Speedy to the rescue.
Warning: Full spoilers for the episode below.
If there’s been a running theme with my Arrow reviews this season, it’s something along the lines of, “Geez, this series isn’t doing so hot.” The only question at this point is how much, if at all, these remaining few months can redeem Season 6 and its lackluster story direction. With “Doppelganger,” we finally got our first installment that really spotlighted Ricardo Diaz as the show’s central antagonist. That helped bring a little more life into the series. Sadly, the same can’t be said for the return of Roy Harper.
Mind you, I was thrilled when it was announced that Haynes would be returning as Roy Harper this season. Haynes’ presence has been missed on the show in recent years, both because he was a memorable part of the Team Arrow dynamic in Seasons 2 and 3 and because Thea never really made for a satisfying replacement in the vigilante sidekick department. Much of what went wrong with “Doppelganger” boils down to the fact that the writers chose to emphasize Thea’s return to the costumed life over Roy’s return.
Seriously, did Roy actually have more than five minutes of screen time in the entire episode? It’s hard to figure why Haynes was even brought back in the first place if all he was being asked to do was get beat up for a while and then have a very brief (and surprisingly flat) reunion with the Team Arrow crew. From what I can tell, there’s no indication that Roy is actually appearing in the next episode, despite it springing directly from the League of Assassins cliffhanger this week. So again, what was the point of bringing Haynes back for such a brief, thankless role?
Granted, Thea’s arc was handled well enough, with all the expected sibling tension as she and Ollie butted heads over how best to handle Roy’s rescue. If nothing else, it’s nice to see Willa Holland being given the chance to play a more central role after her character has spent most of this season in a coma or recovering from said coma. But again, putting Thea in the costume in the first place never felt like the best move for her. Arrow, like its sister series, is a little too fond of the old “make every single supporting character a superhero or villain” trope. The best that can be said for Thea’s return as Speedy and the League of Assassins tease is that the writers may be setting the stage for her big swan song on the series. As much as Thea has turned into a redundant character over the past couple years, that may be for the best.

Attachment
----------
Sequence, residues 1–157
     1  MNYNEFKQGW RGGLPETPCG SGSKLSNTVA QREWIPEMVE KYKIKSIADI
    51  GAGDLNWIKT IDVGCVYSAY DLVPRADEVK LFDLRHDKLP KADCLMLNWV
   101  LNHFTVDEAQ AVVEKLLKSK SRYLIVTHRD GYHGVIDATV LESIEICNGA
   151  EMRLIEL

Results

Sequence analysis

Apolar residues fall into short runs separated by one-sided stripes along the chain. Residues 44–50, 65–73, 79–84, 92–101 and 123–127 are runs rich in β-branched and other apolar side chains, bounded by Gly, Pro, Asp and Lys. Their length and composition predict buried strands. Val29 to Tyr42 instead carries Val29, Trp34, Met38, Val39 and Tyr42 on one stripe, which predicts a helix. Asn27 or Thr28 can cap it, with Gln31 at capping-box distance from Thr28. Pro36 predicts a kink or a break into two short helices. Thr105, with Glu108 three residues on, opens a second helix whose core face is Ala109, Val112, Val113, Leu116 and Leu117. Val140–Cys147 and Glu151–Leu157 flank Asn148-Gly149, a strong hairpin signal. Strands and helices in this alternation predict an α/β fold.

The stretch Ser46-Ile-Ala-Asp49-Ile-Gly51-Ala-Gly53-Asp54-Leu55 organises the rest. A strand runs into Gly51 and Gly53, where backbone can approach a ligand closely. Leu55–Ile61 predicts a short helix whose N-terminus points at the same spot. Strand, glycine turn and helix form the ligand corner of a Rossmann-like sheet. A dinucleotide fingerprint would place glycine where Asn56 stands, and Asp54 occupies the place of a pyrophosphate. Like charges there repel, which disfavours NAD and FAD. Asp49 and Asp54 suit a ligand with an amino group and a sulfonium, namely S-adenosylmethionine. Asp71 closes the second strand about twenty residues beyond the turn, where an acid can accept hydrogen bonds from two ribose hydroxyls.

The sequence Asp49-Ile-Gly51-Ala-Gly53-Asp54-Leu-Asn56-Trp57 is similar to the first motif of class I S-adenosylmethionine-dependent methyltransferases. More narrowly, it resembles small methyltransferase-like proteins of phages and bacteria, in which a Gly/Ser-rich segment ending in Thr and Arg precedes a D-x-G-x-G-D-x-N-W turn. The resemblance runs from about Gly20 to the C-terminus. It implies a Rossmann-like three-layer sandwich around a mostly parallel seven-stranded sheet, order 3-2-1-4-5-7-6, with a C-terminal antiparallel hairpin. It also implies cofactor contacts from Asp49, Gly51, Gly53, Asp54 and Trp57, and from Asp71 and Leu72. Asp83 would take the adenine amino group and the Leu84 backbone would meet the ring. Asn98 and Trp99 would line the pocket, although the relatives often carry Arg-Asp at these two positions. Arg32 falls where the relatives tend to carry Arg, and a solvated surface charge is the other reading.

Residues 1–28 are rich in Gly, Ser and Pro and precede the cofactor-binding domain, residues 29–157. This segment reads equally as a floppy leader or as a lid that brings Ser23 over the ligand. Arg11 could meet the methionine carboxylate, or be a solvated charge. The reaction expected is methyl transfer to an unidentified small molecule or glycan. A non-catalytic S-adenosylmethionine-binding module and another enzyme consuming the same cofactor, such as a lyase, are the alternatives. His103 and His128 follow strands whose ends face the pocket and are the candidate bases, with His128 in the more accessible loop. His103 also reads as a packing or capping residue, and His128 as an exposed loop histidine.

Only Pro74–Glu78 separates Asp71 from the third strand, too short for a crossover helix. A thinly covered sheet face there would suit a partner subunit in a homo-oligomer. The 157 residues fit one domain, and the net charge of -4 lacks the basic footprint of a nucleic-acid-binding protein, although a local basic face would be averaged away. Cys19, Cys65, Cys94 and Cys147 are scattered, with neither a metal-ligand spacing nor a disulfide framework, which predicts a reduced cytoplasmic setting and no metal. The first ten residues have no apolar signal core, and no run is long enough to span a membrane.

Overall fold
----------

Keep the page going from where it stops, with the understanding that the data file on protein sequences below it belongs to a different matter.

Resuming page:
As for Diaz, this is where the show is finally starting to build some momentum again. I’ve never had an issue with Kirk Acevedo’s casting, only that the first half of Season 6 gave him so little to do. That’s finally beginning to change. Acevedo’s performance is beginning to stand out more as a result. It’s a nice change of pace to see an Arrow villain who’s so quiet and unassuming 90% of the time, only for that dark, sadistic side to surface the other 10%. Diaz is clearly a man who prefers not to be noticed unless he’s making a statement, and Acevedo plays into that.
It was also nice seeing Diaz actually demonstrate his martial arts prowess for a change. In the comics, Richard Dragon is one of a small handful of post-Batman-level martial artists, and it’s about time we started to get a sense of the physical powerhouse he can be. Hopefully we’ll see some good Diaz/Ollie fisticuffs in the near future.
Another element that seems to be helping the series at the moment is this renewed emphasis on corruption in the SCPD. It’s not a novel subplot by any means, but there’s a greater sense of immediacy to the idea that anyone and everyone in the police department could be on Diaz’s payroll and actively working against the mayor. Frankly, it’s a more compelling story thread than Ollie’s impending trial, which has really stalled out of late.
I wish the same could be said for Black Siren’s latest power play. In general, I’m on board for the idea of Earth-2 Laurel slowly finding redemption and learning to embrace the second chance being offered her on Earth-1. But at this point, her story has become cyclical and repetitive. How many times can we see her flirt with the idea of turning over a new leaf, only to stab her father or Team Arrow in the back all over again? How many times will Team Arrow be gullible enough to fall for her shtick? The last-minute reveal that she’s still working for Diaz isn’t shocking so much as eye-rollingly predictable. After all these months, we need more tangible signs that Laurel is growing as a character.
That speaks to the general state of the show right now. Things are starting to turn around with this pivot towards Diaz as the main villain. But it feels like everything taking place in this episode should have happened months sooner. Neither Diaz nor the general battle for the fate of Star City feel nearly developed enough considering how deep we are into Season 6. The show has a lot of catching up to do. Which, of course, makes this the perfect time to have another two-week hiatus.